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“It’s summertime, but the living may not be easy …“ Randall Forsyth writing in Barrons

edited June 20 in Other Investing
A fascinating analysis of the Fed’s announcement Wednesday along with the recent reversal of 10-year treasury bond rates (falling from 1.75% to below 1.5%). After the Fed’s (seemingly more hawkish) statement on interest rates, yields on longer dated bonds actually fell late in the week while shorter term rates spiked higher.

Can’t do justice to Forsyth’s excellent article, but here’s a few snippets:

The calls for the Fed to slow or even end its monthly purchases of $40 billion of mortgage securities have become more widespread. On that score, Bullard (James Bullard, president of the Federal Reserve Bank of St. Louis) appeared to be in agreement. “I’m leaning a little bit toward the idea that maybe we don’t need to be in mortgage-backed securities with a booming housing market,” he said. “I would be a little bit concerned about feeding into the housing froth that seems to be developing.”

Even without the Fed reining in its bond buying—which pushed its balance sheet past $8 trillion as of Wednesday, nearly double its prepandemic size—Lori Calvasina, RBC’s head of U.S. equity strategy, thinks the decline in the 10-year Treasury yield during the second quarter may be signaling a slowing economy. That thesis was proposed in this space a week ago.

The slippage in long Treasury yields could portend a slump in the widely watched ISM gauges, which she says may be associated with either a pause in the leadership in cyclical stocks or a pullback in the overall market. In that case, she suggests adding to classic defensive groups such as consumer staples, utilities, and healthcare to ride out a short-term pullback. Financials, energy, and materials, which had been leading the market, still make sense longer term, while industrials lack appeal because of valuation, she adds.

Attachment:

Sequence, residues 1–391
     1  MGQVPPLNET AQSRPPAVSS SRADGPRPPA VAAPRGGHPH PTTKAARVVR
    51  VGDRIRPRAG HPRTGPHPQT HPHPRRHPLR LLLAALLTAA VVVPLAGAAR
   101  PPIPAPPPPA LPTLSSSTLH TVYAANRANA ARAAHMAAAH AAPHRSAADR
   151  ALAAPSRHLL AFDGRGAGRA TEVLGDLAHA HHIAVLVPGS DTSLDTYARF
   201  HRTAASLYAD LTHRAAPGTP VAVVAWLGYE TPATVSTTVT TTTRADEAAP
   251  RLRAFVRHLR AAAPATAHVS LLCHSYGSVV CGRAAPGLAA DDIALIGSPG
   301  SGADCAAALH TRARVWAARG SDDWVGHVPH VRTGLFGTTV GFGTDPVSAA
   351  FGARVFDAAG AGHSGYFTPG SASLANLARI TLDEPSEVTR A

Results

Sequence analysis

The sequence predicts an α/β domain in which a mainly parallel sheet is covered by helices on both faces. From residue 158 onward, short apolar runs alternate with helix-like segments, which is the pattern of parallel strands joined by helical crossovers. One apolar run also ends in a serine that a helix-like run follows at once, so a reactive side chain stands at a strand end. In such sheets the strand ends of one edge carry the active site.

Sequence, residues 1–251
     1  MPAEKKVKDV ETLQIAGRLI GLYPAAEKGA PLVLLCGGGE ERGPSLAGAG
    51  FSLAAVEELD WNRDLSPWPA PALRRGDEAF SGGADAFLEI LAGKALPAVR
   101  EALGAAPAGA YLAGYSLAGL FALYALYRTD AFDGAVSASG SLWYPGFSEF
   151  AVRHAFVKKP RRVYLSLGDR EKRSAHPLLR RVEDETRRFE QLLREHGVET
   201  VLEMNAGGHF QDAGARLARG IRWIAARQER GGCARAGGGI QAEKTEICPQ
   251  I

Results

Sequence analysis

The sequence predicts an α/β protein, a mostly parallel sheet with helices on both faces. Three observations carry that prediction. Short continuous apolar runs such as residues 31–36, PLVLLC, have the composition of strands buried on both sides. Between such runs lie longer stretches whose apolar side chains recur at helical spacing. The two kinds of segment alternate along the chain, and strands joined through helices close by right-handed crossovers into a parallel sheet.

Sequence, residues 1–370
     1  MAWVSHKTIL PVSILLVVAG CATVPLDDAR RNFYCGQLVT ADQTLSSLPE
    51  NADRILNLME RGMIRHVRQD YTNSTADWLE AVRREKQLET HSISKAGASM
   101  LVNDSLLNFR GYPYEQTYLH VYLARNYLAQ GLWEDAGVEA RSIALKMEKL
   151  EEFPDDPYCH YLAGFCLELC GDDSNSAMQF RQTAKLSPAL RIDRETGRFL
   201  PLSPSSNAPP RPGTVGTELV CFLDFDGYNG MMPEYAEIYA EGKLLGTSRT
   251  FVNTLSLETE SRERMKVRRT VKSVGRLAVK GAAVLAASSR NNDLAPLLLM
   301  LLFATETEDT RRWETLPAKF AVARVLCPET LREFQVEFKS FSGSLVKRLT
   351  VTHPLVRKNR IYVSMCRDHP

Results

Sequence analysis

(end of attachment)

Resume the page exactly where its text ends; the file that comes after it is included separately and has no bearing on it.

Emanuel (Julian Emanuel, chief equity and derivatives strategist at BTIG) also prefers exposure to defensive groups such as healthcare, because he looks for bond yields to resume their ascent, with the 10-year Treasury heading toward 2%, posing a headwind for equities. At the same time, he’d avoid transports and high-multiple secular growth stocks, which are sensitive to higher yields.

And he’d play a rise in volatilities with options. In a client note, he recommended a straddle, simultaneously buying July 30 calls and puts on the S&P 500 index, a position that would pay off from big moves higher or lower but would lose the cost of premiums paid on the options if the market stays range-bound. If July brings fireworks beyond the Fourth, however, the bet would be a winner.

Barron’s June 21, 2021
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